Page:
Bari Pitcher's lifelong love of space inspired her to out together a Space Night event at Neosho Junior High School, Monday.

Bari Pitcher's lifelong love of space inspired her to out together a Space Night event at Neosho Junior High School, Monday.
Space Night brought together students, parents and members of the community who explored space themes while their feet remained firmly on the ground.The event's theme was Exploring New Worlds in Space.
"This was my project," Pitcher, a seventh grade science teacher, said. "I love space and I teach a space class during the summer. The current seventh grade class curriculum doesn't allow me to teach space. Students learn about it (space) in the sixth grade and are tested on it during MAP testing in the eighth."
Pitcher held a similar space night event seven years ago at the former junior high location. "We had a good turnout but not to this magnitude," she stated. Pitcher wanted to hold another Space Night in the new facility that she deemed perfect for the event. "I asked the district and they said 'yes'. My goal was to have 500 in attendance. I think I will blow that out of the water."
Crowds filled the common areas of the junior high school during Space Night.
Popular attractions included a traveling planetarium, Lunar Base Habitats designed by students, face painting, photographs with an astronaut, Hubble picture, a poster walk, performances by the Neosho Wildcat Pride Marching Band and junior high bands, star viewing and a NASA exhibit.
The NASA exhibit, protected by School Resource Officer Phillip Wiseman, included items that traveled to the moon and back, including an astronaut's helmet and gloves. "These are worth $14,000," Wiseman said. The items attracted interest and appreciation from all ages.
"The NASA items were free to borrow," Pitcher said. "But we had to pay for shipping costs so the sponsors helped."
Community sponsors for the event included NASA and the Johnson Space Center, Rhodes Law Office, American Family Insurance and Neosho Graphics.
Seventh grade students met the challenge of creating a Lunar Base Habitat that could accommodate and sustain astronauts on the moon for two years. "This is an actual NASA challenge," Pitcher said. "The winner of the NASA contest will receive a million dollars. I told students that they won't get the million bucks but the team who receives the most Star Tickets will receive a prize." That prize is promised to be a tasty one.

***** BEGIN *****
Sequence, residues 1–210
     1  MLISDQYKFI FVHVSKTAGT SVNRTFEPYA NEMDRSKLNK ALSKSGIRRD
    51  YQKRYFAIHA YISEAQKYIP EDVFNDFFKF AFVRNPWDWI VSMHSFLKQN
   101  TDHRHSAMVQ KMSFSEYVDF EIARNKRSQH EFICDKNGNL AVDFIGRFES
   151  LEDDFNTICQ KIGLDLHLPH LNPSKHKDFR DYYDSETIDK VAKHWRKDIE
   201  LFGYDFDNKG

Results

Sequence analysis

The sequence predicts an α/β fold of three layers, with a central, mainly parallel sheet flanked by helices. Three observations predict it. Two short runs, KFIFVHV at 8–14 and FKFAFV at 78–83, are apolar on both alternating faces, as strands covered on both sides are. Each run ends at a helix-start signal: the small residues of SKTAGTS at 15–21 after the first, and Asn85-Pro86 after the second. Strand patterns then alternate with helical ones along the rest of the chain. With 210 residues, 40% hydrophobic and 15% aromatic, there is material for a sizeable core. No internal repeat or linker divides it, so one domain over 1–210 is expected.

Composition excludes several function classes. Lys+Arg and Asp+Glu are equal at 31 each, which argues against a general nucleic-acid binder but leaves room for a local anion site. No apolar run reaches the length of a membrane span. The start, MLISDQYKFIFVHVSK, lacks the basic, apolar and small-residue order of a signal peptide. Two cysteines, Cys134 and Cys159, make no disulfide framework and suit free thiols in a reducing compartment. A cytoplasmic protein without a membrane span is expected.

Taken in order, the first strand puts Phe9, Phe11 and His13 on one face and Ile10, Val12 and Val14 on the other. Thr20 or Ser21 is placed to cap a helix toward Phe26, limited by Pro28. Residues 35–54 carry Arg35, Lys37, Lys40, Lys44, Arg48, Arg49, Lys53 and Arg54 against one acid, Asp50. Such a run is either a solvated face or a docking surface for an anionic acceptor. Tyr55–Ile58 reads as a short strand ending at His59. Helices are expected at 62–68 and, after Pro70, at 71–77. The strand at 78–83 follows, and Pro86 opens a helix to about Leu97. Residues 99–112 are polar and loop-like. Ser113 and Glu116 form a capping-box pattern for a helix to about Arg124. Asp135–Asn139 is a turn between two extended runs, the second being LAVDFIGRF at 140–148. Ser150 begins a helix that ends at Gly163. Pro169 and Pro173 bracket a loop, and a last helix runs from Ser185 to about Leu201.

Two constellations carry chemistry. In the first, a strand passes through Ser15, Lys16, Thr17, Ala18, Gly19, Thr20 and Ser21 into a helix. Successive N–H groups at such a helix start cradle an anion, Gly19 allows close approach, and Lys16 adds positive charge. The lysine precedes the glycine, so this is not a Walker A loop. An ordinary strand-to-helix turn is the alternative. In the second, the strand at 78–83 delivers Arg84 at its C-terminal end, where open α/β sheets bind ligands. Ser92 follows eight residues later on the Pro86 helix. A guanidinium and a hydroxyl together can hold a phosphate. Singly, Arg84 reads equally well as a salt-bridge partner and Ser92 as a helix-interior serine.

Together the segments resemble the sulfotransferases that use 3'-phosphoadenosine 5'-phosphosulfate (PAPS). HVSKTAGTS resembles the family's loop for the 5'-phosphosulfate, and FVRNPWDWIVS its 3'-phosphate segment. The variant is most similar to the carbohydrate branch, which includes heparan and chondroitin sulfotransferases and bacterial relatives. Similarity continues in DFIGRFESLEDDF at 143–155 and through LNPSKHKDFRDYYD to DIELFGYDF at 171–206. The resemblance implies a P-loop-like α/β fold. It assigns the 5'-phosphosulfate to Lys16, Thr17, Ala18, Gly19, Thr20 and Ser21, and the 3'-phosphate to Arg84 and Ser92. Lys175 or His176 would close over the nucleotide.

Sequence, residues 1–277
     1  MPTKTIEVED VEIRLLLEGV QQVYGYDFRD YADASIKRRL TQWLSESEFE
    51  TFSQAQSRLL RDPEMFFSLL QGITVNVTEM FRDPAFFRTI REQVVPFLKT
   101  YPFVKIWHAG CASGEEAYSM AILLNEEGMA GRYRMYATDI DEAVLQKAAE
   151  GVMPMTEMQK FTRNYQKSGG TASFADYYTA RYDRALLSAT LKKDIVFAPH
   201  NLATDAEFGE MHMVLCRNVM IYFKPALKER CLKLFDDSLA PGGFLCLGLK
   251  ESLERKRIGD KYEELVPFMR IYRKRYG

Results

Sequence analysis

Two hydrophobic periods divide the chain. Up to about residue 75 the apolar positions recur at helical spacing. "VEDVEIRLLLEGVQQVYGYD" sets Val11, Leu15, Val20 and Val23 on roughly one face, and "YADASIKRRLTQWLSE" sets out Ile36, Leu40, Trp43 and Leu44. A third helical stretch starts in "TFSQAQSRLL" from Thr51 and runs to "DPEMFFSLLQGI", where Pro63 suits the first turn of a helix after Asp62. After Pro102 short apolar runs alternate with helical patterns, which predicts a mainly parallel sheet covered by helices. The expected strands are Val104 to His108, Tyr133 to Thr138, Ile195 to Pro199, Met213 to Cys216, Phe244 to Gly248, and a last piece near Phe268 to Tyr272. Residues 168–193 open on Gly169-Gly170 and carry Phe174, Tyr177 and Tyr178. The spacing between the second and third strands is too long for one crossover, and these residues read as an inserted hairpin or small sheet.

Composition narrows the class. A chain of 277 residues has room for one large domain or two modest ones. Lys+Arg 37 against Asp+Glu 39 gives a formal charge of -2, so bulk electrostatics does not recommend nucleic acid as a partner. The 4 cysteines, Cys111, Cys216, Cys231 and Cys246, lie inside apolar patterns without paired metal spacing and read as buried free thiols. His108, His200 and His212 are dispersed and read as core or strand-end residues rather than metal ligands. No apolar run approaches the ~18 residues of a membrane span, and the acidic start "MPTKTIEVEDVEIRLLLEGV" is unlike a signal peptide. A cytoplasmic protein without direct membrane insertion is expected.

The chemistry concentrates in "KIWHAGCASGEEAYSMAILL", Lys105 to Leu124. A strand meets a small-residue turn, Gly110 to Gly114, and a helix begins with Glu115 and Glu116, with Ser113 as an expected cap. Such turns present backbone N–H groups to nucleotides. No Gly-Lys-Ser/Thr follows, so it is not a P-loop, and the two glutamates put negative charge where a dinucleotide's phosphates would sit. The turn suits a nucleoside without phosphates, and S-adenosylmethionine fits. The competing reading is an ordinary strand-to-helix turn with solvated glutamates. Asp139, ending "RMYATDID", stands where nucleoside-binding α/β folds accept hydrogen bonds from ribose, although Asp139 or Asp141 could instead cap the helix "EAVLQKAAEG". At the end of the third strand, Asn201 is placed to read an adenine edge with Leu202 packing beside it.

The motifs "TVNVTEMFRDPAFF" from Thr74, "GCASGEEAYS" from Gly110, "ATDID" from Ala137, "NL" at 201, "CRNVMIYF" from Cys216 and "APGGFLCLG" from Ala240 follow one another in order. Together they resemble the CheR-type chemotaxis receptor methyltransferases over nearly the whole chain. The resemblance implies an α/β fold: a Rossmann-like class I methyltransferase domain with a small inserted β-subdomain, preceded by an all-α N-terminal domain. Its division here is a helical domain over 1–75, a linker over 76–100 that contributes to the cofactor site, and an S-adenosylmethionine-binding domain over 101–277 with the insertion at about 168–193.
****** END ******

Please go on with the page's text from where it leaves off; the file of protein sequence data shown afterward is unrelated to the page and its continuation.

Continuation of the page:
Everyone who attended was given a Star Ticket and asked to vote for their favorite lunar colony. The project with the most Star Tickets would be the winner.
Neosho High School students from both the Key Club and Science Club monitored some of the stations  at Space Night. Senior Garrett Burghart donned a space suit and posed for pictures with the public against a space backdrop. "I talked to Mrs. Pitcher, who set this whole thing up," Burghart said. "She asked if I wanted to suit up and I couldn't pass it up. It's fun!'
Members of both the Neosho Wildcat Pride Marching Band and the junior high bands joined together to present the space-themed halftime show they've performed during football season. The concert filled the air on the courtyard. The courtyard was also the site for some star viewing after 7:30 p.m.
Cookies for the event were baked by the junior high FACS (Family and Consumer Science Class) under the direction of FACS teacher Bobbie Woods.
A special t-shirt contest was also held as part of the event. "We did t-shirts this year," Pitcher said. "I wanted to get all the kids across the district involved so we had an art contest. Our theme was exploring new worlds in space. We had a great turnout in entries from the students."
Face painting, concessions, a poster walk, along with make and take stations were also a highlight of the event. Numerous displays featuring everything from the NASA equipment to starships of the future were also on hand. Pumpkins carved into space themes that included rockets and astronauts were also displayed.
Space Night also launched a new tradition for the junior high. "The district has already said they want to make this an annual event," Pitcher said. Planning for next year's Space Night will begin as soon as the event ends, Pitcher indicated.
The event was planned in conjunction with World Space Week, an annual event that combines space education and outreach events. Schools, planetariums, museums, astronomy clubs, space agencies, and aerospace companies all participate. World Space Week is held each October to commemorate two space milestones, the 1957 launch of Sputnik 1, the first human made earth satellite and the 1967 signing of the Treaty on Principals Governing the Activities of States in the Exploration and Peaceful Uses of Outer Space including the moon and other celestial bodies. Both events occured in October.
In 2016, World Space Week made records with more than 2,700 events in 86 countries around the world. 2017 numbers are predicted to top those numbers.
The Neosho Junior High School is located at 14646  Kodiak Road in Neosho. Students in grades six, seven, and eight are housed in the facility.